Ü-Tsang

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Map showing the Tibetan regions of U-Tsang, Ngari, Kham and Amdo Map of Tibet U-Tsang Amdo and Kham.jpg
Map showing the Tibetan regions of Ü-Tsang, Ngari, Kham and Amdo
Ü-Tsang
Chinese name
Traditional Chinese 烏思藏
Simplified Chinese 乌思藏
Tibetan name
Tibetan དབུས་གཙང་

Ü-Tsang or Tsang-Ü[ citation needed ] is one of the three traditional provinces of Tibet, the others being Amdo in the north-east, Kham in the east. Ngari (including former Guge kingdom) in the north-west was incorporated into Ü-Tsang. Geographically Ü-Tsang covered the south-central of the Tibetan cultural area, including the Brahmaputra River watershed. The western districts surrounding and extending past Mount Kailash are included in Ngari, and much of the vast Changtang plateau to the north. The Himalayas defined Ü-Tsang's southern border. The present Tibet Autonomous Region corresponds approximately to what was ancient Ü-Tsang and western Kham.

Ü-Tsang was formed by the merging of two earlier power centers: Ü (Wylie : dbus) in central Tibet, controlled by the Gelug lineage of Tibetan Buddhism under the early Dalai Lamas, and Tsang (Wylie : gtsang) which extended from Gyantse to points west, controlled by the rival Sakya lineage. Military victories by the powerful Khoshut Mongol Güshi Khan that backed 5th Dalai Lama and founded Ganden Phodrang government in 1642, consolidated power over the combined region, followed by the rule of the Qing Dynasty started in 1720 by the Qianlong Emperor that continued until the British expedition to Tibet (1903–1904). [1] [2]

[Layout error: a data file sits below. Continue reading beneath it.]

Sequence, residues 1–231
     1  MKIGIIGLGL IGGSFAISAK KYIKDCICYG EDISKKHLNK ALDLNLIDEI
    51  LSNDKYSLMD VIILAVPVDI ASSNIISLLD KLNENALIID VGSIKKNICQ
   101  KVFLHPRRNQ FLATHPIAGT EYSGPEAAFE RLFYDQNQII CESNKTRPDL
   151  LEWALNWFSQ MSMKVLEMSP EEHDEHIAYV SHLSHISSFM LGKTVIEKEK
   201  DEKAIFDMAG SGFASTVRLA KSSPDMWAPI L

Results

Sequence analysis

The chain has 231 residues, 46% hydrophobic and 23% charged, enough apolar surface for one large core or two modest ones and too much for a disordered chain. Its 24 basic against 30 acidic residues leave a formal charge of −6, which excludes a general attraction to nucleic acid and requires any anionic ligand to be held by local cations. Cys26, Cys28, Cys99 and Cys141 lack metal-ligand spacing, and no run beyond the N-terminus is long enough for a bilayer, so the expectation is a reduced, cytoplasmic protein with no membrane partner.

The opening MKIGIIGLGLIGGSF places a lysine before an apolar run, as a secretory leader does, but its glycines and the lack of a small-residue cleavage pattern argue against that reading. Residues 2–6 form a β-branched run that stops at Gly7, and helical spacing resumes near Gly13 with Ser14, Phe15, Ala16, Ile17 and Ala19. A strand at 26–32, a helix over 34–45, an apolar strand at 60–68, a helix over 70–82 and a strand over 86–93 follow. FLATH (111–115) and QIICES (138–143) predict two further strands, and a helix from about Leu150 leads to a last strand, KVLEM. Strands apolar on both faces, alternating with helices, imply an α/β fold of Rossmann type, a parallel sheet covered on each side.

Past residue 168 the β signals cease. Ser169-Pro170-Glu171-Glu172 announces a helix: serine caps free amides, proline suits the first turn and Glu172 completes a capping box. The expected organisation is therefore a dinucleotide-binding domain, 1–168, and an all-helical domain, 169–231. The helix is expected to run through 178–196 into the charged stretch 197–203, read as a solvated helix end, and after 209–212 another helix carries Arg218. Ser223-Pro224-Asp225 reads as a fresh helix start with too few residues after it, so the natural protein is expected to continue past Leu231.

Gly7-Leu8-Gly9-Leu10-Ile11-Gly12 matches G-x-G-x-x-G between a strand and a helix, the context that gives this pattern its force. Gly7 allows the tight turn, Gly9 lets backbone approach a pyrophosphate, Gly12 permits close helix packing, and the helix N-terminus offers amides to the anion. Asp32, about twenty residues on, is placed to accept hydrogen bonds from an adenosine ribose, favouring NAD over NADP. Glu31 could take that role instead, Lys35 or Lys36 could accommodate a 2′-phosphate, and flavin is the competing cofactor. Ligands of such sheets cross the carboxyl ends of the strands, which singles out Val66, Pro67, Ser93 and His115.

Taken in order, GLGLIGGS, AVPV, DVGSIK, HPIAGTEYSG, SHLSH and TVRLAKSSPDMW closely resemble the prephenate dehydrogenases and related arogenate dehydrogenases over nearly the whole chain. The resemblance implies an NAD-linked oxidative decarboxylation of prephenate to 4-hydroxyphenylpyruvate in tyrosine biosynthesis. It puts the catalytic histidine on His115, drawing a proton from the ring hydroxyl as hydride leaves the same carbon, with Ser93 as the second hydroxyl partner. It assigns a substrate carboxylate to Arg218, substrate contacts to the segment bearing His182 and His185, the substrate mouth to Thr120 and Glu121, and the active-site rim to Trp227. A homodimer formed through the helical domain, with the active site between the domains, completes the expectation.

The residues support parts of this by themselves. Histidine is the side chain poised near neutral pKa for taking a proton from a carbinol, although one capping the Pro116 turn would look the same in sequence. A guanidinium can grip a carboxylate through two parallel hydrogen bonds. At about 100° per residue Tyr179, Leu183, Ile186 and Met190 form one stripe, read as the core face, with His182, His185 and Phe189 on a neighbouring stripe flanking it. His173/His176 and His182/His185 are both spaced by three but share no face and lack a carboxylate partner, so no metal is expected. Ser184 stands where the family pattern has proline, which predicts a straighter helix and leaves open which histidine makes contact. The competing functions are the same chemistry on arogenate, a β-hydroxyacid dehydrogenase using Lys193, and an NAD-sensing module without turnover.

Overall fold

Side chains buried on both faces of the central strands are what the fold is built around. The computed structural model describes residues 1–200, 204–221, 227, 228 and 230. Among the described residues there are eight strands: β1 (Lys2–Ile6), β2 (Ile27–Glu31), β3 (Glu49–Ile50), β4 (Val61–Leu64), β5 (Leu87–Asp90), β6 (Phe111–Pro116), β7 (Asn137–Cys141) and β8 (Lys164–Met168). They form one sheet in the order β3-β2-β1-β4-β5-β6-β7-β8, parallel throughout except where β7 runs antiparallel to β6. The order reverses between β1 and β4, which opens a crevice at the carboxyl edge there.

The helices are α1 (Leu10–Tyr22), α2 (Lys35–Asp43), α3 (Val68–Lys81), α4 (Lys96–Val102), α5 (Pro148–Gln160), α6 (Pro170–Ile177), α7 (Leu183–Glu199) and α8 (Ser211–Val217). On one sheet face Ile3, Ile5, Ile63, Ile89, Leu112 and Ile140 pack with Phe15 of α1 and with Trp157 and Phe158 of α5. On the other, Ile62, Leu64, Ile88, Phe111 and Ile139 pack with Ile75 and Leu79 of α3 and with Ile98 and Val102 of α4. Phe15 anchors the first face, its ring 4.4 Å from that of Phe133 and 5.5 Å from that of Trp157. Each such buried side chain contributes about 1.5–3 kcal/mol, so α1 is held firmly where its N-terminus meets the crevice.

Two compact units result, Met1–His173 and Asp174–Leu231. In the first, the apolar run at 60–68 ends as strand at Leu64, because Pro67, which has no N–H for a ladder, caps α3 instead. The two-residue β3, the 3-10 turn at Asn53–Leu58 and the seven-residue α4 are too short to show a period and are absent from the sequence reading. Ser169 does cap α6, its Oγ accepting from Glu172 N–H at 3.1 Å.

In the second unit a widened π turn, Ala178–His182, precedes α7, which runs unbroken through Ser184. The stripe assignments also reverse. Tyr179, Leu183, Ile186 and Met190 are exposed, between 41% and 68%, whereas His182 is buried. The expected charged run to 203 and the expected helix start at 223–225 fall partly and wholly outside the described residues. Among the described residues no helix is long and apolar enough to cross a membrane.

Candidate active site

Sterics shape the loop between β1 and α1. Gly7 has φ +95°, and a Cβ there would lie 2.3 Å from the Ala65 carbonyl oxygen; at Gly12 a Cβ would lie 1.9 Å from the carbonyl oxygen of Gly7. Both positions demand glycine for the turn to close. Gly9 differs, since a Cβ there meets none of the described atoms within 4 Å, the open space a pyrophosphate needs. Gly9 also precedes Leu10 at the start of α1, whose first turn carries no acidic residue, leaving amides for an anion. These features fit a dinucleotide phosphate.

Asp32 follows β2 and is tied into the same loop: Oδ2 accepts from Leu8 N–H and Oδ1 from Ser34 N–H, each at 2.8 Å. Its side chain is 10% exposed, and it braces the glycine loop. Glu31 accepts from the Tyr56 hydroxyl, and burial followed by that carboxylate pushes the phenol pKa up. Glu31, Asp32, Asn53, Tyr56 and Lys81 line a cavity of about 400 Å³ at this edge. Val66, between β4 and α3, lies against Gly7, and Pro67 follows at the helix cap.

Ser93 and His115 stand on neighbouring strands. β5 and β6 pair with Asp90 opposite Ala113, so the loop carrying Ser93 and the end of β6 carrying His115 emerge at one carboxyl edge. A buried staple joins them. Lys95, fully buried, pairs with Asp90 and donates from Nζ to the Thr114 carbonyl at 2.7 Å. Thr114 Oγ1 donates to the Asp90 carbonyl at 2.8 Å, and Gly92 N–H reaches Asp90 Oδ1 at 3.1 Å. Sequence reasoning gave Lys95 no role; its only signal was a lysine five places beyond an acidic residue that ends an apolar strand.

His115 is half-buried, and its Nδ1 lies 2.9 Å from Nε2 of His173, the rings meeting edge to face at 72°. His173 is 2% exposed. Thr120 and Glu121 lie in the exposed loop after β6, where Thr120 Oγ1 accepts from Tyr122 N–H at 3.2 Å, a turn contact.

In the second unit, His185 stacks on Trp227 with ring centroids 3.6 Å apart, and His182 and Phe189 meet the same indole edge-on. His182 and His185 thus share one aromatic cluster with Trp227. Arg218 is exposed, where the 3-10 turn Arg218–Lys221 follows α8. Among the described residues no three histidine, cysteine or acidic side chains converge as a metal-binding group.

Ü-Tsang is the cultural heartland of the Tibetan people, originally governed by Rinpungpa dynasty. The Tsangpa dynasty had ruled the Tsang part between 1565 and 1642. The dispute between Tsang kings, Karma Tenkyong Wangpo followers of karmapa and Khoshut khans, Güshi Khan, follower of gelugpa and Dalai Lamas ended by the rule on Tibet from the Potala and Norbulingka palaces in Lhasa from the last one. Jokhang, perhaps the most holy temple in Tibetan Buddhism, is also located there. The Lhasa dialect is used as a lingua franca in Ü-Tsang and the Tibetan Exile koiné language is also based largely on it.

Front and Back Tibet

Tsang, whose largest cities are Gyantse and Shigatse, near where the Panchen Lama has his traditional seat at Tashilhunpo Monastery, was designated on maps of the Qing dynasty as "Back Tibet", while Ü, where the Dalai Lama has his seat at Lhasa, was designated "Front Tibet".[ citation needed ] This division was an artificial construct of the Chinese and had no currency within Tibet where the Dalai Lama exercised effective rule over both Tsang and Ü. An attempt had been made in the 18th century during the reign of the Yongzheng Emperor to split Tibet by offering the Panchen Lama dominion over Tsang, but the expansive offer was declined, the Panchen Lama only accepting a small portion of the offered territory. [3] Later attempts, during the period 1906–1913 and in 1950, by the Panchen Lama to resurrect a separate Back Tibet over which he would have dominion were rejected by the Chinese. [4]